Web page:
Why AAP Recommends Against Using Crib Bumpers For Sids Prevention
Crib bumpers are made from a fabric which doesn’t permit airflow. Should a child accidentally roll against a crib bumper, they risk cutting off their access to oxygen. Obviously, this doesn’t happen in the majority of situations, but it still poses a risk.
No Obstacles Or Objects In The Crib
The new regulations brought out by the AAP clearly state that no excess objects or obstacles should be placed in a baby’s crib. Of course, that means removing any toys but, importantly, covers crib bumpers as well. Crib bumpers, not only take up room, but also become an additional object that babies could interact with.
The AAP believes that the less obstacles in a baby’s crib the lower the likelihood of SIDS will be.
No Evidence That Crib Bumpers Help
According to the AAP, no evidence has been found to support the claim for crib bumpers. Surprisingly, these products don’t improve the safety of the child, nor do they prevent a baby from getting their limbs caught in the slats.
Given the higher risk of suffocation posed by crib bumpers, and the lack of evidence they add safety to a crib, the AAP recommend against using crib bumpers.
Attempts To Ban Crib Bumpers
Part of the AAP’s reasons for recommending against crib bumpers is a wider consensus in the field.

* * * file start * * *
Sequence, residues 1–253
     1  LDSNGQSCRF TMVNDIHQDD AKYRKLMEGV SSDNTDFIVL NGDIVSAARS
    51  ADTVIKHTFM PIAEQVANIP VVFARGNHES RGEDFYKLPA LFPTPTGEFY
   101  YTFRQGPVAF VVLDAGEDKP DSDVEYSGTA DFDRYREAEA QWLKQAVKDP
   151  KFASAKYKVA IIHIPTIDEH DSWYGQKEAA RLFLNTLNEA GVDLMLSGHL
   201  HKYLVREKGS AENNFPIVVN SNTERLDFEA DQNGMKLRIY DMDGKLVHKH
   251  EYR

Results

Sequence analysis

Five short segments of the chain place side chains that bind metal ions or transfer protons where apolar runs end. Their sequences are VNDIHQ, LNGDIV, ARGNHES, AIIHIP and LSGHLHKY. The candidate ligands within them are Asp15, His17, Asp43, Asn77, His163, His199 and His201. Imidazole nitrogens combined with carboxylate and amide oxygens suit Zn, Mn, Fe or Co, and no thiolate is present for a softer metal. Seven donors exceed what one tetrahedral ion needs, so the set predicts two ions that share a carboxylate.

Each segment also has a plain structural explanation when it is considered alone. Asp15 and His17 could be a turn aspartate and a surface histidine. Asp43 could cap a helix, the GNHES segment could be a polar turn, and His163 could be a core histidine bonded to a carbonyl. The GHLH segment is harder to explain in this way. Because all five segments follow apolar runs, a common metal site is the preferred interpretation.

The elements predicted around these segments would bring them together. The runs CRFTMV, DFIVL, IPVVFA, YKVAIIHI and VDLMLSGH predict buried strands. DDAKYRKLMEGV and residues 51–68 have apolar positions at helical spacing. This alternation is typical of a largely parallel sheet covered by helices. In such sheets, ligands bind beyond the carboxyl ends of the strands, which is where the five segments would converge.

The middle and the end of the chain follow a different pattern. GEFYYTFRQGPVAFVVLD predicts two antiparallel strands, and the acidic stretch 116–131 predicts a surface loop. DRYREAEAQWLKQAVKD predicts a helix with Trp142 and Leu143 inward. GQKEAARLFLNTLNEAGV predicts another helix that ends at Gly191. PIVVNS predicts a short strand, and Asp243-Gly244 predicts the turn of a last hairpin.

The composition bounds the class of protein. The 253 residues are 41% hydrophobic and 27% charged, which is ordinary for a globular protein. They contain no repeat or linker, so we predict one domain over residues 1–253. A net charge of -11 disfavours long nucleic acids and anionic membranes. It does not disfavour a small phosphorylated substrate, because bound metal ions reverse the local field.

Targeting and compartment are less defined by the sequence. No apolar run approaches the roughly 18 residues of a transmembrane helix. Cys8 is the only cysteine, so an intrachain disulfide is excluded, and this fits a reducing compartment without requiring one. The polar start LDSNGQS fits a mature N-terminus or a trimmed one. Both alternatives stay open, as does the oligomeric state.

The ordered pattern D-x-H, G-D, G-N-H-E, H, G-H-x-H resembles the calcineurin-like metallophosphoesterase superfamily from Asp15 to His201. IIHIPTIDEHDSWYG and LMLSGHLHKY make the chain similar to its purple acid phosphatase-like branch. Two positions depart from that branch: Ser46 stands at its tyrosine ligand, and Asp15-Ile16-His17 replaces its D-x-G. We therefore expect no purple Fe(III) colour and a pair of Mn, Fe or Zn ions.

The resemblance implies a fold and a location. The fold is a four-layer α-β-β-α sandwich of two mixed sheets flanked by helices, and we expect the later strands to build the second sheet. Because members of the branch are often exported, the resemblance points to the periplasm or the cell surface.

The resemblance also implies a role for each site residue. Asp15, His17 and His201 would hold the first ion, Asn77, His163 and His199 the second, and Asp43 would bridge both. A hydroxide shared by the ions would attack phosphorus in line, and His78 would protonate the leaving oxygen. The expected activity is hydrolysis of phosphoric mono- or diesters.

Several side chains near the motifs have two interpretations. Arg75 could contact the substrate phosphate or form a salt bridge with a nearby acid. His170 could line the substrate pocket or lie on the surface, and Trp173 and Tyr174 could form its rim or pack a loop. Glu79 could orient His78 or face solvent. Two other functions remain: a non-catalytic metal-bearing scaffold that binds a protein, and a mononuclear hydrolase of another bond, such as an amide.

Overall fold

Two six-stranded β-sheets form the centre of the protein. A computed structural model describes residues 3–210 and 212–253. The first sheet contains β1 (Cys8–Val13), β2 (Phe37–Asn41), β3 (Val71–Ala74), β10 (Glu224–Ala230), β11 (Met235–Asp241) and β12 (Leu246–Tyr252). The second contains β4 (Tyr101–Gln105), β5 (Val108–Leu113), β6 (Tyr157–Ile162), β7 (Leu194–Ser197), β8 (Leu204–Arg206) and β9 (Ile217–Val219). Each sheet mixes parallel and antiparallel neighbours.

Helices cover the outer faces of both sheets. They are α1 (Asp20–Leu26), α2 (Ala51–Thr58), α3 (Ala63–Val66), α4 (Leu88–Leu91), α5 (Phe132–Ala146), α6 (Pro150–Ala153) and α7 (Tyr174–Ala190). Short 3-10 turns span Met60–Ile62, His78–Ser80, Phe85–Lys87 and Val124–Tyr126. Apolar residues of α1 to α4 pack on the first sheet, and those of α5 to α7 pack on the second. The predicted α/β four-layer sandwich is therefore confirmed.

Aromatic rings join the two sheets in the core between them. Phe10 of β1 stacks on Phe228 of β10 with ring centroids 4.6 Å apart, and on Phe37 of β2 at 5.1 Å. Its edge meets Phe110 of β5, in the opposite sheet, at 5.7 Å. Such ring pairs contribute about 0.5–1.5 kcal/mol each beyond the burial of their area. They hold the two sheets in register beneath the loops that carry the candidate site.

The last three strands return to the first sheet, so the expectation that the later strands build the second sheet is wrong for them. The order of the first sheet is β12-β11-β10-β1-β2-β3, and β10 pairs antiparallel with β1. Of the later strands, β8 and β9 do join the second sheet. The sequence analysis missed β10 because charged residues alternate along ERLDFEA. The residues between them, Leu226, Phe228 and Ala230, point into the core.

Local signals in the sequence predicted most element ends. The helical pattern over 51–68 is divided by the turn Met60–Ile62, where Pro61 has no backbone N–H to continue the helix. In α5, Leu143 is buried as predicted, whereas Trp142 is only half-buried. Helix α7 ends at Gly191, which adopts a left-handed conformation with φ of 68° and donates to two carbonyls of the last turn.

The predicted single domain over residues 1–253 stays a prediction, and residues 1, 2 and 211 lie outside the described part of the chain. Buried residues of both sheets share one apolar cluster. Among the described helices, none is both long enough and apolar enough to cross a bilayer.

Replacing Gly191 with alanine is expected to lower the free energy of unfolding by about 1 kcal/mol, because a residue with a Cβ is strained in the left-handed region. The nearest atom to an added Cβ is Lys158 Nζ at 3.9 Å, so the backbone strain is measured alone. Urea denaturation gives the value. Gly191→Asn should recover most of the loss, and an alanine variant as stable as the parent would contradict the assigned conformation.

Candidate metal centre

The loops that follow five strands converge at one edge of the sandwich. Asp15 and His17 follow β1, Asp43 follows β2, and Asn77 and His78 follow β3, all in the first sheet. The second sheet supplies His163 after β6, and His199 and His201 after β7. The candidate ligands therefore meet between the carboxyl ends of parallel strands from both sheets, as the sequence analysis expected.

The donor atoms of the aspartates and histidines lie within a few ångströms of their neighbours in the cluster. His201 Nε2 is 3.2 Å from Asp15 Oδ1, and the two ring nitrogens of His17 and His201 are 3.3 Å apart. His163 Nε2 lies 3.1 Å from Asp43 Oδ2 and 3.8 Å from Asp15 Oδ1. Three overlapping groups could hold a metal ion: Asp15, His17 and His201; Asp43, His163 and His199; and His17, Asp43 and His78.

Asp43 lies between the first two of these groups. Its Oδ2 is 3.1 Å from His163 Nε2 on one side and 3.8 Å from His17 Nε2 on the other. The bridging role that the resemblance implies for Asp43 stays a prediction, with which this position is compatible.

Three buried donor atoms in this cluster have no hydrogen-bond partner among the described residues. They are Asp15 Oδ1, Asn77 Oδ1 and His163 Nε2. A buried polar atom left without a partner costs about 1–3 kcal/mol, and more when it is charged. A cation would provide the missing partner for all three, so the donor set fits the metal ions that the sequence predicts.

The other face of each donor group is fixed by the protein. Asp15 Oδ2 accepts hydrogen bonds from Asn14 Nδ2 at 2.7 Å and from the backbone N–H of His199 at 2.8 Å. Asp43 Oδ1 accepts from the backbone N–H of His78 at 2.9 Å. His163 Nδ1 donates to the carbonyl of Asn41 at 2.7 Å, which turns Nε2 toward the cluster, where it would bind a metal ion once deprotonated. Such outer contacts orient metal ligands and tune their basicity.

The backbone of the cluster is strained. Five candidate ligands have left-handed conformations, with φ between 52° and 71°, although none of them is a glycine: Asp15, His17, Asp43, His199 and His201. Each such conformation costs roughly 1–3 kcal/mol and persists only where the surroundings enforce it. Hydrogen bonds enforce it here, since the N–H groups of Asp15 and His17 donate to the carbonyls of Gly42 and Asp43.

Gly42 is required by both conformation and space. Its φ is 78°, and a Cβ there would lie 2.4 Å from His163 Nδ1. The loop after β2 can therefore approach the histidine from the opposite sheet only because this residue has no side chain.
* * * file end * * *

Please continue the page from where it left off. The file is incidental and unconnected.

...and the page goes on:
The Consumer Product Safety Commission actually blocked the AAP from banning crib bumpers in the US in 2016. The reasons behind that were an independent investigation that showed no significant danger of using crib bumpers.
The problem is that the CPSC used highly questionable research in their review. This research has since been discredited by the AAP, and in particular leading scientist Rachel Moon. Rachel Moon went on to strongly urge parents not to invest in crib bumpers at all.
If you’re worried about your child getting their limbs caught in crib slats then investing in a mesh liner will take a weight off your mind. If you have any further questions regarding crib liners you can visit the AAP homepage or check out some of the other resources linked in this article.
Alternatively, if you want to find out what other types of mesh liners are available don’t hesitate to investigate the Breathable Baby website here